After months of waiting, Telltale Games has finally gotten around to releasing more episodes of Minecraft: Story Mode content on Wii U. The question on everyone's mind, then, is whether or not it was worth the wait. Overall, the storytelling has some pacing issues and the performance sometimes isn't up to snuff, but it's ultimately a satisfying experience that many Minecraft fans won't want to miss out on.

Episodes 2-4 pick up right where episode 1 left off, with a Witherstorm being unleashed on the world and Jesse and the gang going on a quest to find all members of the Order of the Stone to restore peace. The plot progression is fairly predictable, falling back on common tropes and plot twists that can be seen coming from a mile away. Moreover, pacing issues occasionally arise when nothing of note happens for a significant portion of an episode; things tend to drag on.

That being said, these episodes tell a satisfying - if somewhat cliched - tale of underdogs finding the courage within themselves to embark on a journey to save the world. The characters are well written and lovable, and the conclusion to the tale is equal parts bitter and sweet. Telltale isn't afraid to introduce some decidedly dark elements to this otherwise light hearted story, but it creates some emotional depth that keeps you hooked.

Episode 5 tells an all-new story that acts as an epilogue of sorts to the ending of the Witherstorm arc. The gang are now accomplished adventurers and are in search of a Mcguffin known as the Eversource, a mysterious item that is said to supply an endless amount of rare materials. Their search brings them to the dystopian Sky City, a beautiful floating village where the local government outlaws the act of building things.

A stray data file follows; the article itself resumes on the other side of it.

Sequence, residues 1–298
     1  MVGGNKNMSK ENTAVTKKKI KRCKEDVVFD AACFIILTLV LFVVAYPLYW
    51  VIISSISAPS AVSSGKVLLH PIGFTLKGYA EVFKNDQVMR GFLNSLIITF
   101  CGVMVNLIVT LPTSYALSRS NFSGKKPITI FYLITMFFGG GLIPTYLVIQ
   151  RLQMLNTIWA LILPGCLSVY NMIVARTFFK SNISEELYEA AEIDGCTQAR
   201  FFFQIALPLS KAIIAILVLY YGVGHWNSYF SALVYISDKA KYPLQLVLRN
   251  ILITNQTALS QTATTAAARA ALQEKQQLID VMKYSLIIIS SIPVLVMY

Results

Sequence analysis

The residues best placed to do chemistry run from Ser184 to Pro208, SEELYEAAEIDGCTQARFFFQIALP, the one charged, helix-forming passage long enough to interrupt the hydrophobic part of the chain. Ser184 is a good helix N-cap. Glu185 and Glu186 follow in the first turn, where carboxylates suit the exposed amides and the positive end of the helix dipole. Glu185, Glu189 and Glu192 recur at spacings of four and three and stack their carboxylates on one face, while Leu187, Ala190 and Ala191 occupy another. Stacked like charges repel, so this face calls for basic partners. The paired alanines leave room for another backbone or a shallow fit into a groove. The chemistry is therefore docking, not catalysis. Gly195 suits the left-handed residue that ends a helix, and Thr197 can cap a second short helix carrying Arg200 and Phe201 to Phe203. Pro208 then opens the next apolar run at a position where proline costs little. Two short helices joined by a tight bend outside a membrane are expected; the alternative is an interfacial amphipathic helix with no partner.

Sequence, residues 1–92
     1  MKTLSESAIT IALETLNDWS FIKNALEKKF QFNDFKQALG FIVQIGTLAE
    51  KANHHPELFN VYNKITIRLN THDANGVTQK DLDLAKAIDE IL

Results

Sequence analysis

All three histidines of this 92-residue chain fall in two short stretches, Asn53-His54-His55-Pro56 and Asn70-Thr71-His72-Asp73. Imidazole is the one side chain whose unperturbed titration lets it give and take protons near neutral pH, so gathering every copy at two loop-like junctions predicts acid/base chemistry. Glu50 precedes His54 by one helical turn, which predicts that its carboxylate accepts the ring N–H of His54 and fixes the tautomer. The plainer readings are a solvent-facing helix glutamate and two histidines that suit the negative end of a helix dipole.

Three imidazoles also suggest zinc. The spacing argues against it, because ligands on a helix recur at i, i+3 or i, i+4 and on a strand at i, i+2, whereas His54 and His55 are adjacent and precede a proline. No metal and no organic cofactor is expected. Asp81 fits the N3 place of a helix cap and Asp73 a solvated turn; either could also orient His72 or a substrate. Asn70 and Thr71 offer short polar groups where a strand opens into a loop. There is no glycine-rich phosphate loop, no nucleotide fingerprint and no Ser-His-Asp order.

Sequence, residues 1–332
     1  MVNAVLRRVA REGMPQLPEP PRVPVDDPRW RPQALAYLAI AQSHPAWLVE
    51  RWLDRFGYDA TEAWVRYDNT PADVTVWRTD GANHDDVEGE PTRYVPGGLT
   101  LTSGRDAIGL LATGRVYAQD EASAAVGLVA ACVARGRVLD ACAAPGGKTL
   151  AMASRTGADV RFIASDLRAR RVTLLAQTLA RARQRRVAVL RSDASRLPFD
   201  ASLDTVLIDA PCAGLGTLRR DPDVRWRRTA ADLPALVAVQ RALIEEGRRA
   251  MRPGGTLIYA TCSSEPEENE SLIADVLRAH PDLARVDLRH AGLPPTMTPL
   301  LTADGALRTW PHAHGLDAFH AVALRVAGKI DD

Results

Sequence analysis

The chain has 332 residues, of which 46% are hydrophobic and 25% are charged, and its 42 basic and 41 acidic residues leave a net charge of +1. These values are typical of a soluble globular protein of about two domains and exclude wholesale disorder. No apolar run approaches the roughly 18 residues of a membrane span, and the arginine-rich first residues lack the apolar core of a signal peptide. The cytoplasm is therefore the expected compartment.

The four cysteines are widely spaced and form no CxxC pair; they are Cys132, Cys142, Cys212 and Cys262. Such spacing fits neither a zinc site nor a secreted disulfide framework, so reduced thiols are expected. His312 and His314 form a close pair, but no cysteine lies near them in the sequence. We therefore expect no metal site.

Though certain characters are mostly missing from this episode, it still does a good job of showing how the gang has matured since the ending of episode four, and how they're dealing with the events that take place there. It's nice to see an episode that tells a mostly self-contained story, too, though the ending is quite a cliffhanger. All around, it does a good job of expanding upon the foundation laid out by the first four episodes, and will hopefully be continued on Wii U in the near future (episode 6 has been confirmed for other platforms).

One point worth mentioning that applies to all episodes is the fantastic set pieces that frequently appear. Considering that most of the things in this game are technically buildable within the standard Minecraft game, it's incredibly satisfying to see what kind of structures and puzzles Telltale has dreamed up for this story. There's plenty of creativity on display here, and you may find yourself continuing on just to see what's next.

Unfortunately, technical issues mar the experience somewhat. Performance isn't a constant problem, but it does cast a shadow over proceedings. There will be times where the audio won't match up with the animation or will just outright cut out temporarily. During quicktime event sequences the framerate tends to chug along, too, sometimes even to the extent that you miss a button press because the display wasn't able to keep up. This is all a real shame; perhaps there's a lot going on behind the scenes, but these issues really feel like the product of lazy optimization.

Conclusion

Ultimately, fans of Telltale games or visual storytelling will find plenty to love here. The plotlines might not be anything groundbreaking, but there's a lot of heart to the characters. Performance issues and uneven pacing will occasionally take you out of the experience, and though we wish the game wasn't weighed down by these problems they aren't anything that ruins it in a significant way. Individuals who don't appreciate this type of game won't find much to change their mind here, but fans of the first episode will find plenty to love.